20th May 2001
Sports| Mirror Magazine
Noel Crusz, like Every man, was on a per sonal pilgrim's progress. His goal: the truth about the Mutiny. Thirty years on the trail he found no "yellow brick road", but only tortuous paths, culs-de-sacs, blank walls and blanker record rooms, till it was difficult to tell fact from fiction. Along the way he met many witnesses: some helpful and honest, others grudging, dissembling, greedy, boastful. Some, for the lack of fact, fictionalised and thus devalued the story. Others tried to prise his hard-won material and money, offering for sale dubious material for thirty pieces of silver. But he persisted, seeking facts, shunning the bankrupt's choice of "faction".
Finally, the official documentation came his way. And he could, at the age of eighty, at last lay down his pen and say: "I am also at journey's end. I have seen the full range of human emotion experienced by the officers and men who were involved.... the politics of army factions.... the readiness of some to exploit and distort the conflict between authority and expectation.... between leaders and those who lose their way.... between the Asian dream and the colonial fulfilment.... and the deeper quest for enduring values."
Some of us, his near contemporaries, patiently awaited this work. I, for one, feel rewarded for my patience and, now, must have my say.
What is it about this Mutiny that reverberates over half a century on? Why does it deserve a book? Many are the reasons, many the questions that had to be explored. Three mutinies in the British Army during the Second World War, but only the three mutineers from Cocos were hanged for Mutiny.
Who were they and why did they mutiny? What, indeed, is the story? The events themselves, what made them happen, and even Crusz's search - all of them. Take your pick. Crusz opts, true to his journalistic discipline, to sift truth from rumour and to record it, leaving material for analysts and the future.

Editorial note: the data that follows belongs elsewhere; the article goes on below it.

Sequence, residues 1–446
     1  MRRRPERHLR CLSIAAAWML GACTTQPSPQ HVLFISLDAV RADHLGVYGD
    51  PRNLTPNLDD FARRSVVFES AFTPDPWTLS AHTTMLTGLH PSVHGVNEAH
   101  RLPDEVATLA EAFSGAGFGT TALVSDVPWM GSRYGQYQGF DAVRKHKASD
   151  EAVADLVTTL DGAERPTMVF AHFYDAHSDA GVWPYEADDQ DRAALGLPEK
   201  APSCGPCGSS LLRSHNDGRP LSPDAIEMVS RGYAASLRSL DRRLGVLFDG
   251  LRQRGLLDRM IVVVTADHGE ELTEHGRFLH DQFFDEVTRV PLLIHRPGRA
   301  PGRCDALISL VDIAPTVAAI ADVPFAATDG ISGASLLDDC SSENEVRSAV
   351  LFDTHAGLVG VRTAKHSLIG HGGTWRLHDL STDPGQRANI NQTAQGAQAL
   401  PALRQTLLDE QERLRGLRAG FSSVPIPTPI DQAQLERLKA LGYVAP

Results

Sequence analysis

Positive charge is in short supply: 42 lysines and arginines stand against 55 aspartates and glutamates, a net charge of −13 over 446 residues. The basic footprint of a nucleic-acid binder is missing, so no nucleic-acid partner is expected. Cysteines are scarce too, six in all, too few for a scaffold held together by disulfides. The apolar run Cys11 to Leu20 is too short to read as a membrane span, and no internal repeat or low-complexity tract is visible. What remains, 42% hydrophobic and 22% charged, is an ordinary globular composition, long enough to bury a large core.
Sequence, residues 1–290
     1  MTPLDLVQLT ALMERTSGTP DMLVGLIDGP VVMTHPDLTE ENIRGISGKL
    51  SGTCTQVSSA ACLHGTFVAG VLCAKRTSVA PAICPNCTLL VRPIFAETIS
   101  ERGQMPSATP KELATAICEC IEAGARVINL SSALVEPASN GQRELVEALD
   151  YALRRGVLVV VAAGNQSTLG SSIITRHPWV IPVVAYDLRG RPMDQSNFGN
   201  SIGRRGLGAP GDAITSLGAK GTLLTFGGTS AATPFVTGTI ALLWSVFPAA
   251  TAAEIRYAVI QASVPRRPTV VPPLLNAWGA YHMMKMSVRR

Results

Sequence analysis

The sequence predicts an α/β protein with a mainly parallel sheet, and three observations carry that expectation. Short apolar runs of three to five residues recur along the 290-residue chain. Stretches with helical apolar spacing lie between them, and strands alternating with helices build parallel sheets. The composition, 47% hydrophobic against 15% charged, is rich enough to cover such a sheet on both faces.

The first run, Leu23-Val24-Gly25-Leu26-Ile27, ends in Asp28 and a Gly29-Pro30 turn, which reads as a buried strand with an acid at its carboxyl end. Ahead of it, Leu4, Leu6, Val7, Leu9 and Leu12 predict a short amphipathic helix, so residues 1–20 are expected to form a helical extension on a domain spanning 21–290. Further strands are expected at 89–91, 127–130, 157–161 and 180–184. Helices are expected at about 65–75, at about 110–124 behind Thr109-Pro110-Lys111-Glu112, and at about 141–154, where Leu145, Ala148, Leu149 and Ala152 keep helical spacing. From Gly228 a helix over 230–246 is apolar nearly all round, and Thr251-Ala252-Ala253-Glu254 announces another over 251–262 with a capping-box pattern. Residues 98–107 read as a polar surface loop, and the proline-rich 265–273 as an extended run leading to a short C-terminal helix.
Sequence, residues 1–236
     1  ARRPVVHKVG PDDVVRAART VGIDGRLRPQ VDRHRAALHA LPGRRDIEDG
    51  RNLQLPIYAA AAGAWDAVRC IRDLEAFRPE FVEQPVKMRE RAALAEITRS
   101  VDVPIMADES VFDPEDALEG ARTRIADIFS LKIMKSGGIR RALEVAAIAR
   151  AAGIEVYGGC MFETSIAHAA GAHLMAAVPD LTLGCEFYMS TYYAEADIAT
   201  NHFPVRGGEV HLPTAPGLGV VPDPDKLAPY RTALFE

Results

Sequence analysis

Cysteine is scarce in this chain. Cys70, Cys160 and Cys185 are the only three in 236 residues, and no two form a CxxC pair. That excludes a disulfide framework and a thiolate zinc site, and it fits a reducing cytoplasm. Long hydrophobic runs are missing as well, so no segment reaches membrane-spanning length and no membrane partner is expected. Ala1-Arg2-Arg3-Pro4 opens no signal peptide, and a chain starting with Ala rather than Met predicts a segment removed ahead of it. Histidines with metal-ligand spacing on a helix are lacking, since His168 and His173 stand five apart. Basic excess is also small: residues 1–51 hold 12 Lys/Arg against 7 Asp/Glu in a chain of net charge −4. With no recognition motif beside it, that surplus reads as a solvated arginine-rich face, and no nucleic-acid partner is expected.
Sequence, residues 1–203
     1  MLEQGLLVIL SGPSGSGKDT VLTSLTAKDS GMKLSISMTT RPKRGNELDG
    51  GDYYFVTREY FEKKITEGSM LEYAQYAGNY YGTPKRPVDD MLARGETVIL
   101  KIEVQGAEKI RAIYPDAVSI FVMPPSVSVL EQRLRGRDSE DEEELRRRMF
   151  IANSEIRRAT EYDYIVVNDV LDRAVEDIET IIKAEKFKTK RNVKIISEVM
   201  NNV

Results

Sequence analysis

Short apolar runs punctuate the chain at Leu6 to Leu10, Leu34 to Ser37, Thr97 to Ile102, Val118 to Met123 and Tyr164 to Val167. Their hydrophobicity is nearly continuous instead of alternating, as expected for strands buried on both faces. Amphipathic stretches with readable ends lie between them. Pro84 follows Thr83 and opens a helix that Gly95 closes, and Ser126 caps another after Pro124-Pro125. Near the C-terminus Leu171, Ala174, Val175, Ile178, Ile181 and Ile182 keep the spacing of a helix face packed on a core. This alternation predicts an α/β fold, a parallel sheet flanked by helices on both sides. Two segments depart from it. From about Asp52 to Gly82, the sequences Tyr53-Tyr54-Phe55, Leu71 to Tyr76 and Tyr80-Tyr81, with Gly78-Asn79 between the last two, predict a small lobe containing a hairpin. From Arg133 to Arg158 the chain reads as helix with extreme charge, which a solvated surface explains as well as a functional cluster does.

The Mutiny took place, and must be viewed against the background of war and the Asian dreams of independence. It affected simple individuals, driven by idealism, inadequately trained, with an undertow of colonial prejudice and mistrust. This is a perspective not readily available to students of pure military operations history. Crusz has covered all these angles, showing his awareness and concern with them, yet claiming no definitive status for his work. The story is not complete, he says, the motives yet open to interpretation; fallible human witnesses and incomplete documentary evidence are, alas, not enough. His humility in presentation, his essential humanity and his dogged dedication to his quest ensures that this book will be the best work written on this subject for many a long day.
The book is structured simply: "Before", "During" and "After". Crusz takes over 60 pages to cover the background to the events on Cocos, 75 for the central story - of which only seven describe the incidents of the night - and 65 for the closing scenes and his search for the truth.
Having waited so long for this book, I went through it with a fine-toothed comb. Unsurprisingly, I found lapses in the first part. I cannot fault Crusz, researching the core story and its reverberations, for this failing. But let me dispose of them first:
Some are simple errors like "Hoodstower" for "Hood's Tower", SAGALING for SAGAING, SUTLEG for SUTLEJ. There are factual errors: the CRNVR could not provide assistance in Colombo or anywhere else in 1937, as the first recruits were enlisted only in 1938. And Ceylonese leaders in the State Council did not volunteer to join the war.